Why I’m Voting for Biden

A few weeks ago, I wrote about “The Case for Bernie”, but a lot has changed since then, especially Sanders inability to grow his coalition.

Before I get any further, I want to say that I’m really trying to back off the politics talk since A) there’s already enough punditry in the world; and B) I doubt anyone cares. But if you’re like me and your preferred candidate (in my case, Elizabeth Warren) dropped out and now you’re stuck deciding between two 78-year-old white guys who are both flawed candidates, then maybe I can offer a bit of guidance.

To start, I think Sanders’ agenda is more in line with what I want in terms of big reforms, although I doubt his ability to work the executive branch to achieve such reforms (they’ll never get through congress because they’ll die in the Senate). I also think he knows how to stay on message whereas Biden clearly has trouble putting a sentence together these days. Furthermore, Biden needs to quickly come out with some kind of positive message, whether it’s expanding Medicare or something that makes people excited to vote for him rather than just being anti-Trump because I worry that won’t be enough. The Burisma fake-scandal doesn’t concern me because some BS scandal was going to be used against whomever was the Democratic nominee and the media’s going to go along with it because they need the candidates to appear equally bad because that means “objectivity” somehow.

So why Biden? To be clear, we’re not exactly sure how Biden will govern. We don’t know what the makeup of congress will be, and it’s possible he’s ineffective or in the pocket of big banks. He’s not the revolutionary that Sanders is, but here’s the thing: we’ve been through Super Tuesday now and Democratic voters are saying they don’t want Sanders’ plan. Chalk it up however you like, but at some point you need to listen to voters who will be voting in the general and if they’re not turning out for Sanders now, there’s a danger of them staying home in November.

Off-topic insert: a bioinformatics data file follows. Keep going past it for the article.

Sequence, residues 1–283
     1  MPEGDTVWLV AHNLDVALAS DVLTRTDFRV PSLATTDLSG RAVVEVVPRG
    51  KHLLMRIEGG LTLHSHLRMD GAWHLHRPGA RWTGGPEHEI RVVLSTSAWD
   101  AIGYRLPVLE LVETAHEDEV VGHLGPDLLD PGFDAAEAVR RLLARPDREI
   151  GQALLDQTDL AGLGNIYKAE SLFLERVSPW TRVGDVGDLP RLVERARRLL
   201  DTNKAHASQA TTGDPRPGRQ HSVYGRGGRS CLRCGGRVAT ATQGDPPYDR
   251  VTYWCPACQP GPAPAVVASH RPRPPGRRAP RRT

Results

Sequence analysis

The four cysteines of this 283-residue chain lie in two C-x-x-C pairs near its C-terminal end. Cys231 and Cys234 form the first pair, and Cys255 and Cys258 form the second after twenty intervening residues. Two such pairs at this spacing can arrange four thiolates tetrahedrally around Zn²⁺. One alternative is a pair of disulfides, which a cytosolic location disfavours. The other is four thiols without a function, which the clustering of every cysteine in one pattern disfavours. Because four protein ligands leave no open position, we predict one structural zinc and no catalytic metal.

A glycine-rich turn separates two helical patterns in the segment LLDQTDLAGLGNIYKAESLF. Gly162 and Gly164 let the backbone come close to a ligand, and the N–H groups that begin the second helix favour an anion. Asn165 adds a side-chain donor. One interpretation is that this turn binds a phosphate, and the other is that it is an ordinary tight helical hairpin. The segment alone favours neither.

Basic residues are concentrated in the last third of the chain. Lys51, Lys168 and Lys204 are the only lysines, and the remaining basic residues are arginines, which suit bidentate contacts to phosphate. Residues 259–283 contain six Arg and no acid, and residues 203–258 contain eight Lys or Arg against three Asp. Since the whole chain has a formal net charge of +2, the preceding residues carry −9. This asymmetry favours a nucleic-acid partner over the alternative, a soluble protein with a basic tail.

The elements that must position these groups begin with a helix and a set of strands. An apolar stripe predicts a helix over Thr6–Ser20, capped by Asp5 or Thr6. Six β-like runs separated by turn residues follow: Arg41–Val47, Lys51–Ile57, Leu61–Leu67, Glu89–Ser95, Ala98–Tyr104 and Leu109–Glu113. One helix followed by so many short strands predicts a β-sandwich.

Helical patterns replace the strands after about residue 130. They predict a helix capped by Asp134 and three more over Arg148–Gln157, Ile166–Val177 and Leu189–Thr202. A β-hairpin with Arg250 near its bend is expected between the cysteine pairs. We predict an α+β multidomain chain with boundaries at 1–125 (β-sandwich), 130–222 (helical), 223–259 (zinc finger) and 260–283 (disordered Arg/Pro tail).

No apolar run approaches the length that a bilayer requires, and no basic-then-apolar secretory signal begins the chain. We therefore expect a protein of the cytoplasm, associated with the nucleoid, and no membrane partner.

My issue with Sanders now that I didn’t have a few weeks ago is that his coalition hasn’t materialized. Sanders knew he was going to run again in four years. He’s been actively running for over a year now. And in all that time, he made no inroads with black voters and his promise of increased turnout and the youth vote hasn’t materialized. It doesn’t matter how many obnoxious fans you have on Twitter; tweets aren’t enough (if anyone knows this, it’s me, someone who tweets about politics way too much). We’ve become too accustomed to thinking that governance is the “big ideas” and while enthusiasm matters, so does the unglamorous work of coalition building.

If your political identity is liberal, you owe it to yourself to be a good ally and hear what black voters are telling you. Black voters are the backbone of the Democratic Party. Even when they’re in states that will go red in November (the South is bad, what do you want from me), they’re the ones doing the hard work of campaigning, fundraising, working the phones, and making the apparatus run. You literally cannot win a Presidential election without them. If they weren’t important, Republicans wouldn’t go to great lengths to disenfranchise them at every turn. And black voters are telling us that they want Biden. They see Biden as the best chance to stop the danger of Trump, and we should listen to them. If you have beef with Biden, I guarantee you it will keep until after he’s elected. If he gets elected President, you can criticize him all damn day. I’ll probably even join you.

But for now, the spine of the party is telling you that they want Biden, and we owe it to them to listen and to follow their lead.

Friday, March 6th, 2020 politics

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